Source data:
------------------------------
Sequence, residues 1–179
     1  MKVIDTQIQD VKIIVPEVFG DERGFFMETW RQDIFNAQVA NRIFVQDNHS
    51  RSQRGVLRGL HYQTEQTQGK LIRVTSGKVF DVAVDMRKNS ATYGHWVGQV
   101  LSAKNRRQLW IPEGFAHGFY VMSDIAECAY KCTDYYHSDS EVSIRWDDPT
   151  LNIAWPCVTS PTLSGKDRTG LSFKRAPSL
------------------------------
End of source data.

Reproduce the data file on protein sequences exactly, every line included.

Sequence, residues 1–179
     1  MKVIDTQIQD VKIIVPEVFG DERGFFMETW RQDIFNAQVA NRIFVQDNHS
    51  RSQRGVLRGL HYQTEQTQGK LIRVTSGKVF DVAVDMRKNS ATYGHWVGQV
   101  LSAKNRRQLW IPEGFAHGFY VMSDIAECAY KCTDYYHSDS EVSIRWDDPT
   151  LNIAWPCVTS PTLSGKDRTG LSFKRAPSL